Step 3: Compile your copy and image assets. This is an important step — and one that can be difficult for large organizations in which copy and images are created and controlled by multiple departments. At the same time, many people think that copying and pasting content from existing sources is all they need to do. Not true. Gathering the information and giving it to a professional copywriter is essential. "The messaging, tone, and voice of your Web site must be consistent," says Bruck. "This is not the place to cut corners. The attention span of the reader is much shorter on the Web, which means your copy needs to be compelling, relevant, and concise."
The same holds for images on your site. Emphasize quality over quantity. Hire a professional photographer if resources allow (or use images from a good stock photo house if they don't), make sure every image on the site is relevant to your message, and be sure to give yourself enough time to track everything down.
Step 4: Design the look of site. This is the fun part. The hard work of planning, organizing information, writing copy, and finding photos is done and now it's time to design how the site will look. Make sure the designer you hire is a professional graphic designer, as Web design (in contrast to Web programming) is more about marketing than it is about information technology.
Step 5: Development and coding. This is the stage at which your programmer or Web developer takes the designed pages and breathes life into them. Once the functional areas of your site have been activated, give yourself a couple of weeks to test everything and check links. Then test and check them again. Only then is your site ready to be launched.
When designing a Web site from scratch, many organizations will weigh the costs and benefits of a customized content management system (CMS). Only you and your colleagues can decide whether the added expense of such a system — and they tend to be pricey — is justified. Generally speaking, however, the more content you have and the more you plan to change or update it, the more you'll need (and want) such a system.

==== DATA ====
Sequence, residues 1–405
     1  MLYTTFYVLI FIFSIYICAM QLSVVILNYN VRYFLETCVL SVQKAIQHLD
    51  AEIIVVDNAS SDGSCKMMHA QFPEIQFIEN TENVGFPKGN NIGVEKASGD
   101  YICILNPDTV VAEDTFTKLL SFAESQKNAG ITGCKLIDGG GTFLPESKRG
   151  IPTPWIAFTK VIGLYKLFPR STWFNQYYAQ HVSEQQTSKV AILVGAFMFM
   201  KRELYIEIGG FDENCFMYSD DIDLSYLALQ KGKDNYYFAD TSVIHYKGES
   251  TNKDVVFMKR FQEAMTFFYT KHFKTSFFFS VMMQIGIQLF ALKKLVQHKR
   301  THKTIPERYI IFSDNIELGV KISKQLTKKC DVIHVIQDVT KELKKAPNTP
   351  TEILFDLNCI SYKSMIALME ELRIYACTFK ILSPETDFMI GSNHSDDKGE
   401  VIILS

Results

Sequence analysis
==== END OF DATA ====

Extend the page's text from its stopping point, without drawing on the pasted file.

Another way to cut down on costs is to avoid the latest in bleeding-edge technologies and tools, whether it's Flash animation, a blog, or multimedia content such as podcasts and videos clips. All of those require specialized skills and/or extra people to create, feed, and maintain them. "Ultimately, you must decide if Web bells and whistles are essential to advancing the mission of your organization," says Bruck. In other words, just because your nephew can create a YouTube-type video for you, doesn't mean it's the best communications vehicle for you.
And that's what it all comes down to. People's information-processing habits are changing, and a Web site is one of the most important tools in your marketing and communications toolbox. While your site doesn't need to be complex, it does need to be professional. So don't skimp on it or cut corners. The money you save by doing it on the cheap could end up being far less than the dollars you never receive from potential donors who visited the site and decided to send their support elsewhere.
Karen Roberts, media relations director for Harquin Creative Group, has worked in the broadcasting and media field for the last thirteen years. She started her broadcasting career at Bravo in Toronto and moved on to program development at Sony Music in New York City. For the last seven years she has worked in local news, most recently as an anchor and lead reporter for Cablevision News in the Hudson Valley.
Harquin Creative Group